We can all be better, we can all tackle new areas of specialty or network a little harder. If you want to survive right now, there’s basically no excuse for not doing so.

Here comes the question… Financial crisis for copywriters: is it a threat or an opportunity?

1. Complete the ominous ‘To-Do’ list


Every copywriter has one. Yes you have your daily snippets but there’s always the master of all to-do lists lurking in the background.

  • Spruce up the LinkedIn profile
  • Create those awesomely original and creative promo materials
  • Do my taxes

Let’s face it, these neglected areas and long forgotten tasks can now get the time and effort they merit. I know the work is still coming in but I find if I have one lazy week it’s a struggle to get back to my previous form. Keep up your copywriting and problem solving stamina.

2. Step up your marketing

Letting folk know you are still open for business is pretty essential. Like I said, everyone is struggling so set yourself apart. You don’t need a monster budget to market yourself successfully. Utilize social media, blog until your fingers bleed and be to do list

3. Social media is free. Simple.


Yep, it’s free, plentiful and invaluable if used well. When it comes to social media, I firmly believe it’s best to do a few well rather than having a bash at the lot and doing them badly. I favor Twitter for staying in the loop, sourcing projects and reminding folk I’m still on the go.

Think outside the box, perhaps try channels like Vine. Not typically associated with the world of copy, Vine is an inventive way to gain a following and appeal to the very industries and creatives that are more likely to take advantage of the outsourcing resurgence.

4. Blog and be honest

Chronicle your freelancing experiences. Blog about your honest routines, struggles and reach out to the community of freelancers out there. Now’s the time to position yourself as an unflinching expert and keen observer of the industry’s status. Potential clients will remember you for it. Offer a range of content from topical items to handy tips, present yourself as an authority. Tackle subjects with a broader relevance so you get more than just fellow copywriters interested in your stuff.

5. Be a stickler for quality

It might sound silly but we all know that we’re guilty of working to less than our full capabilities from time to time. No more.

Be consistent and you set the bar higher for every copywriter out there too. The recession has had more than a financial impact, the quality and versatility of the copywriting industry is suffering as a result. Copywriting is commonly the first thing to be trimmed from the project budget so give your fellow creatives something to stand behind.

6. Pastures new

Things may be a bit wobbly UK-wise, but not every economy is struggling in the same way. Seek clients outside Britain. A heap of my clients are based in the US and have no reservations with my UK location. Time difference takes a little flexibility but contact is a doddle with Skype and Google Hangout.

Freelancers rarely take advantage of their freedom and privilege in picking their own clients so take this time to indulge. Work with clients you can start forming long-term relationships with. On the whole, the creative climate over there is structured much the same with copywriters being regularly outsourced so be there, ready and online.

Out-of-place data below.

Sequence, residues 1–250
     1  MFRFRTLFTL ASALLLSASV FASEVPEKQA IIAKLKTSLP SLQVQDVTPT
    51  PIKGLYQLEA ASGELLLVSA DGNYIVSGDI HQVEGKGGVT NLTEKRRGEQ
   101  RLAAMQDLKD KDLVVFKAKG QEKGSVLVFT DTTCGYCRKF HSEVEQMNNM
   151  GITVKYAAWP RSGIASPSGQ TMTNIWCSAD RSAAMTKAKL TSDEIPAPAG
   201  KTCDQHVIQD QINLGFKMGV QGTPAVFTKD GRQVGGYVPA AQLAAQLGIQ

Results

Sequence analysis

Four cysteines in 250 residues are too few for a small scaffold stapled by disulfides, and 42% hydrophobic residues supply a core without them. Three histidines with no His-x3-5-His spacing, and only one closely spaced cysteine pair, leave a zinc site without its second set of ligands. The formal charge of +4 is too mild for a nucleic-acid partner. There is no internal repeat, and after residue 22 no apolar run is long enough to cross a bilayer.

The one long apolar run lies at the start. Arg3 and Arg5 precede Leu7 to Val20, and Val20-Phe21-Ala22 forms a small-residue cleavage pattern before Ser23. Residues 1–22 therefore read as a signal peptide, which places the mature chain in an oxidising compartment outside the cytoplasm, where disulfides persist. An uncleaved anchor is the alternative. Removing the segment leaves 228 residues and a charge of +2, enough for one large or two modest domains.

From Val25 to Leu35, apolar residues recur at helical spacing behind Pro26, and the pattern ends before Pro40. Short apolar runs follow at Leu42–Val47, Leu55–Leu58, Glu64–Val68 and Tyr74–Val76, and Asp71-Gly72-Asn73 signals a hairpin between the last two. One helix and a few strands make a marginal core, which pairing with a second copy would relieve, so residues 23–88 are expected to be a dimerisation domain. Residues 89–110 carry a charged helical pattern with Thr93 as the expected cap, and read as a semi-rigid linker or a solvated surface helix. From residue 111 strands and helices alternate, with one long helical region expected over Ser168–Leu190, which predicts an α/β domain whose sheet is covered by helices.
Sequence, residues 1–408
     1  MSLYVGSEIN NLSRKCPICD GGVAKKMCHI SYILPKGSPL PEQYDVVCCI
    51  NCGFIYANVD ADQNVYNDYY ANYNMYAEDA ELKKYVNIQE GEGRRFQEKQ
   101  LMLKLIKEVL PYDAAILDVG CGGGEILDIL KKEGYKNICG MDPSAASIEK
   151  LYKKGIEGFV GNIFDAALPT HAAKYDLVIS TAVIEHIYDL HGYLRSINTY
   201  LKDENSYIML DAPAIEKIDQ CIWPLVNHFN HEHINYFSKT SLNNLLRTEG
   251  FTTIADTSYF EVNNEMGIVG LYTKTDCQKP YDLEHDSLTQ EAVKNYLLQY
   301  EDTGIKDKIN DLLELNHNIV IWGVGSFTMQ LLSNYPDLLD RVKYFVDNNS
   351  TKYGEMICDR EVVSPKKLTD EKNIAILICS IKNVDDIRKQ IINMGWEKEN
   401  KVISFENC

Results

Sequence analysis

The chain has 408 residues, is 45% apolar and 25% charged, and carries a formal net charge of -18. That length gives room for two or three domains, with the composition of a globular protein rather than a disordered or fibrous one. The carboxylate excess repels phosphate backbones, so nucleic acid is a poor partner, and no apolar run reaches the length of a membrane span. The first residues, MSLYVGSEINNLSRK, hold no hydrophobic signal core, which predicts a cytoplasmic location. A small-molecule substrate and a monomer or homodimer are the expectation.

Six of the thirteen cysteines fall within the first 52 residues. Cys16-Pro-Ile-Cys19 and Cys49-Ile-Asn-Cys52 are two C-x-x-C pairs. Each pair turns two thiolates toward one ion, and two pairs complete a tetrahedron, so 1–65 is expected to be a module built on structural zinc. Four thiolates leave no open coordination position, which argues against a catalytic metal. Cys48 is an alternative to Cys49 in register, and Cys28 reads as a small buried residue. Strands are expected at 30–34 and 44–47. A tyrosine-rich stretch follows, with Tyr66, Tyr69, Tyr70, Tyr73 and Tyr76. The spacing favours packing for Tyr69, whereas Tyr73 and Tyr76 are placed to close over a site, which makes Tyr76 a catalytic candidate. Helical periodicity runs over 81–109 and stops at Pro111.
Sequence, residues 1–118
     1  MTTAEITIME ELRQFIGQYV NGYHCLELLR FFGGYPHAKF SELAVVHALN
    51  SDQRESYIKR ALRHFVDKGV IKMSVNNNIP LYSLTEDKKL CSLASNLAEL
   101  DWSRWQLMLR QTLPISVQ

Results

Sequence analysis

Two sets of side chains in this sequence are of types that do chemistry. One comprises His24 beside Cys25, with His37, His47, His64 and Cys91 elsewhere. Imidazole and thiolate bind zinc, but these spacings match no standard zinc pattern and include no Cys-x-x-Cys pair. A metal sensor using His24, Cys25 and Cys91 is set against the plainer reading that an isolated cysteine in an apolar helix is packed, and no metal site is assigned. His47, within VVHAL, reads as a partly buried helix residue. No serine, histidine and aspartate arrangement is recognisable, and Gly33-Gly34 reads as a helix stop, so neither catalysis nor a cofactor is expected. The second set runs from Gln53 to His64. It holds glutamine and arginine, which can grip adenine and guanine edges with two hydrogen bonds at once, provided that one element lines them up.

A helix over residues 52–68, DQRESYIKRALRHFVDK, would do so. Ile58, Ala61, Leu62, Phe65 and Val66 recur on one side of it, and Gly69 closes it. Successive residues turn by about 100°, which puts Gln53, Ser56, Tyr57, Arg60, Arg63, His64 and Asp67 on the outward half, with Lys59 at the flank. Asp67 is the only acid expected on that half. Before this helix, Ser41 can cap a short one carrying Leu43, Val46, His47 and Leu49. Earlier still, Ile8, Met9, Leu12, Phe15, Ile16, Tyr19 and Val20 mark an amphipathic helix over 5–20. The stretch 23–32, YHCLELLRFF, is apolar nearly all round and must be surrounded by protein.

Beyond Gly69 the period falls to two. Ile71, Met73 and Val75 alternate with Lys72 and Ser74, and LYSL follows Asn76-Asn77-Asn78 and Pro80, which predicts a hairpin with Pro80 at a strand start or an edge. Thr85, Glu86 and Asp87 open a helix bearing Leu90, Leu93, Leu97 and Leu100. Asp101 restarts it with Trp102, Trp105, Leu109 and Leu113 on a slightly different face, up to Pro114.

….and stop panicking!computers office

Times will change and so will your schedule. Keep calm, focused and remain a pro. Content creation isn’t going anywhere, clients will always need it and if anything its value is more readily recognized now than it was five years ago. Be smart and make better business decisions. It may seem obvious but take pride in your status as a freelancer and preserve the industry. Financially there’s a heap of things you can get busy with while you weather out the storm. Tutor, mentor or consult. The key is broadening your expertise and shouting a little louder.


  • Offer discounts
  • Be bitter
  • Bitch about your lack of work publicly

Chances are the recession will make you a better writer and a damn good freelancer. Value is something constantly overlooked: the value of clients, of our own work and of the copywriting industry as a whole. The ‘financial crisis’ is an insight into what true value means, and costs, to the freelance copywriter.

Focusing on a couple of core industries can be a wise strategy. If you can develop strength in one and become the expert of it, you could be more successful than if you bounce from industry to industry, never achieving skill beyond “adequate” in each one. This article describes five industries that are likely to be profitable and enjoyable. You can get into these top 5 industries for copywriting right now (yes, today), as they all have room for a hero to arise. That hero could be you.

How I chose the top 5

I’d like to say that I called up skills from my engineering days and wrote a complex program that predicted to the nearest cent the profitability of each possible industry and these are the top five. However, in reality my choices were influenced by the following factors:

1) Profitability (Large, Growing, Sticking Around)

I made sure that all of these industries turned up on multiple lists found by searching Google for “high growth industries 2013” and “profitable industries 2013”.

2) Competition

In any profitable industry, there’ll be high competition, eventually. The way around this is to get in first – by being at the cutting edge. From my perspective right now, there’s plenty of room in these industries simply due their high growth and freshness. As far as I can tell there are very few specialty copywriting firms aimed at serving these industries.